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Richardson Stadium

Hidden photo gallery

  • Rendering of Richardson Memorial Stadium 2016
    (Click for more images)
  • Richardson Memorial Stadium circa 1970's
  • Dedication of Richardson Memorial Stadium Oct 1921
  • Captain George Richardson

Municipality/Province: Kingston, ON

Memorial Number: 35036-056

Type: Building, sports stadium

Address: 948 Johnson Street

Location: Queen's University, Richardson Stadium

GPS Coordinates: Lat: 44.2275366   Long: -76.516005

Submitted By: Richard Turcotte, Victoria Edwards

Richardson Stadium is named in honour of Captain George Taylor Richardson, student and athlete at Queen’s University and member of the 2nd Battalion, who was killed in action on February 9, 1916.

The original Richardson Stadium, known as George Taylor Richardson Memorial Stadium, was opened in 1921 on the site now occupied by Mackintosh-Corry Hall and Tindall Field, at the corner of Union Street West and University Avenue, on the Queen’s University main campus. The stadium included a football field and running track, as well as a grandstand accommodating 1,900 people and bleachers for an additional 1,500 fans. The stadium was dedicated in the presence of Mr. James Richardson, Queen's alumni and brother of Captain Richardson.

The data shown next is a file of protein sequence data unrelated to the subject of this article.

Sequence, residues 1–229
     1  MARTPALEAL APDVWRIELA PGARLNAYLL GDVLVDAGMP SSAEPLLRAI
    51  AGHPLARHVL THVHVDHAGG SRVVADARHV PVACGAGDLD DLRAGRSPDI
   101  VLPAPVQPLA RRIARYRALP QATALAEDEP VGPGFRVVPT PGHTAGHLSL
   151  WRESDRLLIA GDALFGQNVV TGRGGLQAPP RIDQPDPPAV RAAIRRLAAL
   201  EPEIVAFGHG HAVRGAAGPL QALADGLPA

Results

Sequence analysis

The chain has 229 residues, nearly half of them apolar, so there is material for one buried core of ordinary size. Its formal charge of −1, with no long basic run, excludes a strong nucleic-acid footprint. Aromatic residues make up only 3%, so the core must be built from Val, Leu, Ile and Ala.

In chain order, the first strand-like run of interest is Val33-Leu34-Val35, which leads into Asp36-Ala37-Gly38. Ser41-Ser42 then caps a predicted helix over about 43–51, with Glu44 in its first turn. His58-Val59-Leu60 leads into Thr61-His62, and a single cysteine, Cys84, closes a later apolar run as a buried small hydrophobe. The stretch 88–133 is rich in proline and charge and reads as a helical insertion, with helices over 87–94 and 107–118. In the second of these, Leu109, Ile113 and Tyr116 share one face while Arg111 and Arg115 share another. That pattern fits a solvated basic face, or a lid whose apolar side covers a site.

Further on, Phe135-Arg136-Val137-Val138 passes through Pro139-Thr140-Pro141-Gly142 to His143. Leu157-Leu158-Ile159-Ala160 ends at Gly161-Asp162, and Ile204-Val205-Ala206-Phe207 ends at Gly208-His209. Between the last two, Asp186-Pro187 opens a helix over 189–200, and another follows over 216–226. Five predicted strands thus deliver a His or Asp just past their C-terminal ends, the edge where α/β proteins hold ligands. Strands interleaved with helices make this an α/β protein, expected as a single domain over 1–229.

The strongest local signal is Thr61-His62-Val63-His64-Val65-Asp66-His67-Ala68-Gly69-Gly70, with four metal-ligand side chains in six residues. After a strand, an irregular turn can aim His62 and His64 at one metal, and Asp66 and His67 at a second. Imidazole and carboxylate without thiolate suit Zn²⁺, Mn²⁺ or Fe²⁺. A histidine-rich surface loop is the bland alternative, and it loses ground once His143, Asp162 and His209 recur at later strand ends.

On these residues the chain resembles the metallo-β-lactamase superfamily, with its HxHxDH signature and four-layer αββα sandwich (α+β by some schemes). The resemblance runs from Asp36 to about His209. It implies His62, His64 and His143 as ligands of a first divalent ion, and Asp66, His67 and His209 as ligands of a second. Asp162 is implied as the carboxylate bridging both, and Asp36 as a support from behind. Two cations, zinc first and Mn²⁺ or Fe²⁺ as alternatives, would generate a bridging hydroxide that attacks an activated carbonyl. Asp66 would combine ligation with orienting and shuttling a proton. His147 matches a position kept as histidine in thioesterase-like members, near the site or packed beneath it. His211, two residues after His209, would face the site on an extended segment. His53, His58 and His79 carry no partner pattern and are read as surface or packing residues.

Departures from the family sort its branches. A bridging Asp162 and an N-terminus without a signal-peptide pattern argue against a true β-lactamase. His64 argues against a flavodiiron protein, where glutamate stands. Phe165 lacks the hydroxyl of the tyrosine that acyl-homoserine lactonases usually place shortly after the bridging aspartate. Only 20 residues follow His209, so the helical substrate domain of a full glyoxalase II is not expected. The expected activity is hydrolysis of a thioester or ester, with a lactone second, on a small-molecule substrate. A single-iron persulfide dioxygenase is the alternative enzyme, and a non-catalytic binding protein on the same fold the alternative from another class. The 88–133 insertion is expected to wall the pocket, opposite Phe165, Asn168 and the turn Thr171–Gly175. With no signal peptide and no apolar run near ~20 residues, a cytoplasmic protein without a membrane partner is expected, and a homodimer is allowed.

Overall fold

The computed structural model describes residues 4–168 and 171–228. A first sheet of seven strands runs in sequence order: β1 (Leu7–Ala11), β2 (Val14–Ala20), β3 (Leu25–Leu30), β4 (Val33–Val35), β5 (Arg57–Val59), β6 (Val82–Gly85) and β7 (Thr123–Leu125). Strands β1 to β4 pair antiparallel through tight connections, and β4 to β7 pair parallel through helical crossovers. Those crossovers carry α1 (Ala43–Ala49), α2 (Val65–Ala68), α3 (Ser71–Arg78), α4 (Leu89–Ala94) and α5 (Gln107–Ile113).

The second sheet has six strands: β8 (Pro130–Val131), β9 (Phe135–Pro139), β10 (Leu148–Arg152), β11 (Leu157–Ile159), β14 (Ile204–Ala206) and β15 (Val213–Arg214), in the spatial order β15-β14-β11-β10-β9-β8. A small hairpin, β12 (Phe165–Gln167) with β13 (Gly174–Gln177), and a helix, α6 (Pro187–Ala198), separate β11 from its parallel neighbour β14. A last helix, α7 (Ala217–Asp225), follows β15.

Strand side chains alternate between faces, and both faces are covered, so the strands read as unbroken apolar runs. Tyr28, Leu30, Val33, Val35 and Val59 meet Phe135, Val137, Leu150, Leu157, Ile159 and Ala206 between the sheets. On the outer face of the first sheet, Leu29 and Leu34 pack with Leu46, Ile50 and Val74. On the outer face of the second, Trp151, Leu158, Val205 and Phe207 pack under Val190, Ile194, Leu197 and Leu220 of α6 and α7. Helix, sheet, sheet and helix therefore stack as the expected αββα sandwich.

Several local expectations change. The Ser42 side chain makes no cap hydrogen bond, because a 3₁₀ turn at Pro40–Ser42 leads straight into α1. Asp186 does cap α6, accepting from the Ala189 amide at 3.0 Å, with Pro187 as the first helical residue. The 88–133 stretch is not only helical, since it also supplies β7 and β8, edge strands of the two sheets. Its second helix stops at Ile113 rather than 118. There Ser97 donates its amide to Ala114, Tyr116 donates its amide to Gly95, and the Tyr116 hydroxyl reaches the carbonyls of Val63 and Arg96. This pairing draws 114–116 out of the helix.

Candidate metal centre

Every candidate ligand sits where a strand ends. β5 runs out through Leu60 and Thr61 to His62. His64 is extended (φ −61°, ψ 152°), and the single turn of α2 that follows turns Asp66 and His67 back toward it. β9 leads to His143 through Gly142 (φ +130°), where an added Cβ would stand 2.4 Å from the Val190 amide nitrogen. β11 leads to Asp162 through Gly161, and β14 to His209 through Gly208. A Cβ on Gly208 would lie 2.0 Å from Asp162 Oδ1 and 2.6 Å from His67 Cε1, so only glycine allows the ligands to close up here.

Shortly after its inauguration, the stadium played host to the 1922 Grey Cup which saw Queen’s defeat the Edmonton Elks 13-1.  In the late 60’s- early 70’s, Queen’s University acquired the West Campus lands (between Johnson and Union streets, and Sir John A. MacDonald Blvd) and built a new, larger stadium which opened in 1971. To perpetuate the memory of Captain Richardson’s selfless sacrifice, the university retained the name of the original stadium and named the new facility “Richardson Stadium”. In 2015, the stadium underwent an important renovation, but steadfast work allowed the facility to be ready for the 2016 football season.

George Taylor Richardson was born in 1886 in Kingston and after completing his early education, he entered Queen’s University, graduating in 1909. By then he had already joined the 14th Princess of Wales Own Regiment (1907) and was well known as an excellent athlete and hockey player. With his BSc in hand, he joined the family business and assumed increasing responsibilities.

On the outbreak of the First World War, he volunteered for service overseas and was assigned to the 2nd Canadian Infantry Battalion. After training at Valcartier and on Salisbury Plain, the battalion landed in France in February 1915, and then entered the trenches around Armentieres. Shortly thereafter it advanced to Ypres where it suffered losses amounting to “virtual annihilation.” Having already experienced the most intense conflict, Richardson, now a Captain, led a courageous but ultimately futile attempt to retake Saint-Julien before emerging as the sole surviving officer of No. 2 Company, of which he then assumed command.

Richardson was known as a man who would never give an order he would not readily obey himself, and often used his own money to buy extra supplies, such as warm boots, for his troops. On the night of February 8-9, 1916, having entered No Man’s Land near Wulverghem, Belgium to supervise the withdrawal of a raiding party, Richardson was shot through the hips and died shortly thereafter. He is buried in Bailleul, France, and was posthumously awarded the “Legion d’honneur Croix de Guerre” by the President of the French Republic in March, 1916.

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